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The Guilfordian. online resource (None) 1914-current, March 19, 1938, Image 1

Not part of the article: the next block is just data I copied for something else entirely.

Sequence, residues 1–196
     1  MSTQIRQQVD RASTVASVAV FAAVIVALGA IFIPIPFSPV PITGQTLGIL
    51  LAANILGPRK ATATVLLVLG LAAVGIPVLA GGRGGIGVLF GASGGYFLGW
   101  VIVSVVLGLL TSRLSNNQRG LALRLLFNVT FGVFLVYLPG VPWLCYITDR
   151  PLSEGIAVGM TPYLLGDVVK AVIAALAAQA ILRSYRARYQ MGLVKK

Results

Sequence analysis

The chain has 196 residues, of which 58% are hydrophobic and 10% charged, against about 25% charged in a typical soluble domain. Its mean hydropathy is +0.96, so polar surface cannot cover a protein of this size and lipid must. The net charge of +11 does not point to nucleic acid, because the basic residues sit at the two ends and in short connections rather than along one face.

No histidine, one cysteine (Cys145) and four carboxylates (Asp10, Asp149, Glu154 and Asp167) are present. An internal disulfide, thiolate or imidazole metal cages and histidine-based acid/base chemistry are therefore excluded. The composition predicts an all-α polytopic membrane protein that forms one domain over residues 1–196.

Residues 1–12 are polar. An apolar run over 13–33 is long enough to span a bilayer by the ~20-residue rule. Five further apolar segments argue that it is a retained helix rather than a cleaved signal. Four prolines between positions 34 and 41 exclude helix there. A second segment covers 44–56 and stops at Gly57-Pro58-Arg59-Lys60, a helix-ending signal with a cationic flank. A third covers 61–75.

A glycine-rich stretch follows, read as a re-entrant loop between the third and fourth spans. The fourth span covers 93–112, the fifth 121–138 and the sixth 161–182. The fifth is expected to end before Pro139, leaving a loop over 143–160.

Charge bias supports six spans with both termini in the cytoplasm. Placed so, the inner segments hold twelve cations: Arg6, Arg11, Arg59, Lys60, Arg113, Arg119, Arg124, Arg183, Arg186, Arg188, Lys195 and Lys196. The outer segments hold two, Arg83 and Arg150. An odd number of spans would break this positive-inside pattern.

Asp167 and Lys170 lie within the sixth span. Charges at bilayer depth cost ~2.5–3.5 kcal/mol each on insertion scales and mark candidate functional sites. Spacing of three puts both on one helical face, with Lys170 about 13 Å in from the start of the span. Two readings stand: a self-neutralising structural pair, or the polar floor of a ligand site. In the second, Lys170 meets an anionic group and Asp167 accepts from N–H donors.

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Don't Forget the Student Elections Monday! O/THE'c) GUILFORDIAN VOLUME XXIV W.A.A. BARN DANCE TO CONCLUDE WINTER SEASON Shag, Little Apple, Big Apple, and Square Dance All Part of Evening. OLD CLOTHES FEATURED Tumbling and Tap Dancing by WAA Members Included in Floor Show; Stafford** Assist with Music. The \V. A. A.'s burn lnlice, which will he held tonight at 7 o'clock, promises to provide a top-notch ending to the social life of this quarter. II has been said that you can't please all of the people all of the time, hut in plan ning for this dance, the committee is attempting to please most of the people all of the time, anil provide one dunce where the.v can shag, little apple, big apple, square dance, and swing lo their hearts' content. Old clothes will be very much in style. The entertainment committee has promised plenty of amusement in I lie form of a Hour show. IClit 11 Lamb. Mary Jane Gibbons, Kathleen I/eslie, and Corky Parker will do some tumbling, and the tap dancing class will con tribute dances by Annie Evelyn l'owell and .Toualeen llodgtn, Mary Margaret Hinford and Wilmu Archer, and Char lotte Parker. Bowman Stafford and part of his orchestra will play for the square dance which will be called by Mr. Puck Stafford. As has It'en announced, a nominal sum will be charged for admission and refreshments are to he sold, the pro ceeds of which are to go for the new gym. Chapel Schedule Monday, March 21—Mr. Thomas C. Heed of Southern Dairies will speak 011 "The Manufacture of Ice Cream." Tuesday, March 22—In the hut. Wednesday, March 23—Piano recital by Mrs. Harvey L.jung. Thursday, March 24—Class meetings. Friday, March 25—Dr. Wesley Tay lor. Mary Hobbs Invaded By Army Of First Rate Male Cooks This week the men did more than | invade the parlors of Mary Hobbs hall. They penetrated as far as the kitclien to the tune of dish-washing and wait ing tables, and received instruction in the ways of a Co-op Dorm. Edward Boring was the originator of this idea, and says: "This idea struck me during exam week of last semester; since that time I have been thinking about it. I talked with Miss Gons, Miss Ohcuault, and Mrs. Milner, receiving their ap proval and consent." He also says that converts were easily converted. Whether better meals or social con tacts were the cause of their conver sion has not as yet been ascertained; however, they seem blissful in their new-found toil. As for the girls who live in the dorm, they seem well pleased with the masculine trend of events. Words of Wisdom Mouths o By JAMES PARKER Hanging from gayncss to clif?nifiecl silence, the platforms of the important office candidates in Guilford's spring elections, set for March 21, are being made puldie today. There were thoughtful pauses, some brow-knitting, and just a bit of in tense concentration before all the right words were written by all the candidates. And without attempting to choose—much less catch our breath— we give you the official "press state ments" on your favorites for the races. Here they arc: President Men's Student Government Tyree Gilliam: "I favor a student government that will work in close cooperation with the students without too much interference from the out side. If elected I will not show any STAFFORD, CORNETTE RECEIVE SCHOLARSHIPS Honor Roll Stars to Attend Haverford College During 1938-39; Both Are Prominent at Guilford. Scholarships for 1 lit academe year. ; l>:;s-1 !>:!!> have been granted to James Cornel to, and David Stafford. Jr., tor graduate study at Haverford college in | Pennsylvania, it lias been announced here in letters from Dr. W. \Y. Com fort. president of Haverford. The two students are prominent 011 the (tuilford campus. Tliey have made! excellent records, characteristic f which is their continuous honor mil ratings. The scholarships carry stipends cal- j ciliated 1 take care of board, room and tuition for a period >t' one year. Hotli i boys plan to accept the grants. The 1 fact that only eight scholarships are usually awarded annually by the insti-; tution makes it more significant that Ouilford students were successful in ob ! tabling two. — Student Poll Will Be Taken A survey of student opinion 011 j international policies of the United j States will be taken Wednesday morn- ' ing, March 23, at chapel time. This J survey is being taken in colleges all j over the United States in an attempt j to erystalize student opinion, the pro- i cess polling 1,200,000 undergraduates, ! | Eunice llolloman was heard to re mark to our dignified Stafford, "Say, exchange that high hat for this apron and let's got friendly." Kay lUible looked down from her hill of experi ence and remarked that Spain had nothing on us as far as revolution S was concerned. Dick Hendricks says that cutting carrots for Bea Rohr is a pleasure. You could surmise by the way Thornton fell to the "silver and glass" that he was quite at home in more ways than one. Mike Caffey, our up-and-coming Sherwood Eddy, certain ly looks agile behind an apron. The illustrious and scholarly Cornettc proves without a doubt that there is nothing to this "hash-slinging racket." This experiment is to last for only three days, after which spring will still be here in its normal way; we trust receive the same expression. "And we did have fun" while it lasted. GUILFORD COLLEGE, N. C., MARCH 19, 1938 | favor to any person or persons, but j will endeavor to fight for the principles of sound judgment and equal rights to i all students." John Perian: "I shall endeavor to bring about a better relationship be tween the student body and the fac ulty—not merely a judiciary board but one of purposive conciliation." Albert Taylor: "I'm for the common peepul; 110 taxation without represen tation and vice verse; with me as pres ident locks 011 clothes closets will not be needed. Justice to all, preference to none. I will guarantee a fair and i 111 j >a rt ia 1 adm in istra 11 on." President Y. W. C. A. Kay Beittel: No statement. Marianna Dow: "A, a, a, a, a variety (Continued on Page Four) CHOIR SOUTHBOUND ON ANNUAL TOUR Will Sing in Three University Towns; Deland, Gainesville. Athens on Itinerary. IS FIRST SOUTHERN TRIP introduction of the (iuilforil college A 1 'tilx'llsi choir to the South will begin on Saturday, March when tlmt | organization begins its Florida tour, which will include concerts in North Carolina. South Carolina, Georgia and j Florida. j In the ten years of it.s existence, the j choir lias never toured southern points. The trips have included Tennessee and j other states west and northwest and, j several times into the North. Since the i beginning of the choir in the fall of 1!)2!>, under the direction of Prof. Max i Noah, former head of the Guilford Col- I lege department of music, the choir has j established a reputation wide in scope I i.ud extensive in influence. One of the : northern trips Included a visit to the White llouse, where the choir sang for I President Herbert Hoover. Appear j unci's in small as well as larger cities, j and programs over local and national I radio luiok-ups have made possible a wide hearing of the choir. A distin tive characteristic of the organization is the fact that its reper toire invariably consists of the best church music to lie selected from all period* and types of compositions. This ye-ir the program includes Latin. Rus sian, Knglisb. American and Negro se lections of recognized merit. Composers include I'alestrina, Haili, Schumann, Arkliangelsky, Rachmaninoff. Dvorak. Christiansen. Cain, Dett and Dr. Wei* himself. Some of the favorites easily recognized are "From Heaven Above." "Now Thank We All Our God," "Day of Judgment," "Praise to the Lord," "llospodee I'otneeloogy," "Coin' Home," "O Holy Lord." and "Go Down Moses." The choir will have about .'lO numbers for use on the Florida tour. It is of importance, Dr. Ezra 11. F. Wcis, the director, says, that the tour will include three university towns in tin' schedule. There will be concerts iu Deland, Fla„ home of Stetson uni versity : in Gainesville, Flu., seat of the I'liiversity of Florida; at Athens, Ga., in the auditorium of the I'liiversity of (Continued on Page Four) Dean Announces Requirement Change The set-up of required courses in social science for Guilford students has been revised, according to an anouncement recently received from A. I). Beittel, dean of the college. A year-long "Introduction to the Social Sciences'* will be required of freshmen in place of two of the semester courses at present sched uled for upperclassmen. The revision, which will take effect next year, will also permit History 3-4 as an alternate for the Political Science 23-24 required of all juniors at present. The framework of required social science courses which will face the incoming class of *42 next September is as follows: for freshmen, Intro duction to the Social Sciences (two semesters); for sophomores, Psychol ogy 1 and Religion 3; for juniors, Political Science 23-24 or History 3-4; and for seniors. Philosophy 103- 101. Those courses now included in the curriculum which appear in that listing will probably be renumbered. MRS. CLYDE A. MILNER SPEAKS ON MYSTICISM Will Discuss "Psychology of Mysticism" at Symposium in the Library Sunday Afternoon. LAST IN SERIES OF LECTURES Mrs. Clyde A. Milner will speak at the fourth of the series of symposiums which are being held at the college li brary each Sunday afternoon. Mrs. Milner will discuss "The Psychology of Mysticism" to end the group of lectures begun by Dr. Milner, who spoke on "Mysticism in the Society of Friends." The other lectures in the series were "Madame Guyon," by Dr. Russell Pope; "Mysticism in the Catholic Church," by Mr. R. D. Doug las. and "Mysticism in English Poetry" by Miss Dorothy Lloyd Gilbert. There has been much interest shown in this dissertation by the faculty, which was the "brain child" of Dr. Russell Pope. A new outreach in the stimulation of interest of friends of Guilford and its students in the valu able collections of Quaker books which are in the library and in the intel lectual contact between friends of the college with the Guilford faculty and students was attempted. Andrew Jackson Resurrected By Dean of Woman's College Students who mustered tip enough energy tn attend chapel Monday morn ing of this week were re warded by being iiermilted to witness tile return of the rejuvenated corpse of Andy Jack son to the soil of his native state. lireathcd into life li.v Iean W. (.laek son. of Woman's college, "de ole lnassa" leaped front the eoals of hell to cavort all over the platform of the auditorium. The (ieneral was born, brutally beaten by the British, butchered in barroom brawls, bedridden by every disease in the book, and elected to nearly every public otlice lie found time to run for, all in .'to minutes of dexterious inn rionet ting by tile dean. Author of "Tile Story of Xortli Caro lina," and glutted with anecdotes re NUMBER 9 "HAPPY JOURNEY" TAKES PLACE OF RUSSIAN FARCE Drama Council's Spring: Pro gram Changed; Plays by Wilder, Gerstenberg, Synge. CASTS PARTLY CHOSEN Trend Toward Modernism in Stage Design Noticed; Three Assistant Directors Will Be Chosen. "The Happy Journey to Trenton imil Camden," by Thornton Wilder, lias been substituted for Anton TeheUov's "Mar riage Proposal" in the list of three one-act plays which will lie presented by the Dramatic council as its spring production. Tile complete program now includes "Bidet's to the Sea," by John Millington Synge; "The Pot Holler," by Alice (ierstenberg; and the "Happy Journey." Casting of the plays is not yet com plete. At present, the following de cisions have been made: For Kiilerx to ihr Sen, Alaurya, Until Hopkins; Hart ley, 1 till Furnmn ; and Kathleen, Xora, and tile two old women, to be chosen from among Ren Holir. Mabel Smith. Polly Morton. Andrie (iardluim, Sybil liairow, and Ituth Stilson. For Thr Pot Moilcr: Sud, CJeorge Wilson; Mrs. Pencil, Cora Worth Parker; Miss Ivory, Hetty Trotter; Mr. Itnlcr, Linden White; Mr. Inkwell, Tom Taylor; Would by and Mr. ivory are yet to be cast. For 'l'lic Hti /)/)// Journal: Ma Kirby, Anna Siiultss; Caroline Kirby, Mary Priscilla Hloucli; Henlaii, Kathleen Leslie; actors to play the parts of Pa Kirby, Arthur Kirby, anil the stage manager have not yet been selcclcd. Of the plays. Tin Happi/ Journey is the most unusual. Similar in technique to Wilder's current Broadway bit "Our Town," it represents a departure from the realism in staging which lias char acterized the Dramatic Council's work since its inception. The other two plays, however, suggest the same trend to ward modernism in stage design. The technical staff for I lie perform ance lias not yet been named. Drama Professor Itobert K. Marshall, who will lie in ( liarge of the production, plans lo use not only a full stage crew but will in addition appoint three student directors, one of whom will be in charge of each of the plays. luting to Andrew Jackson's love life, dueling technique, military campaigns, Hi - ., tin' •lean divertodi himself as well us the chapel atulienee with his realis tie pantomiming of tlie General's ac tivities in the tield of law, tin l dean re marked at length 011 tlie peculiarly for tunate circumstances surrounding the General's initial baptism as a barrister. Jackson, (Andy) traveling through Tennessee, found, upon ids arrival in Nashville, that all the debtors in town had retained the only lawyer in the vicinity, tints leaving the creditors with out a mouthpiece of any description whatever. During the first night of Andy's stay in Nashville the news that he was a lawyer swept through tile city (Continued on Page Three)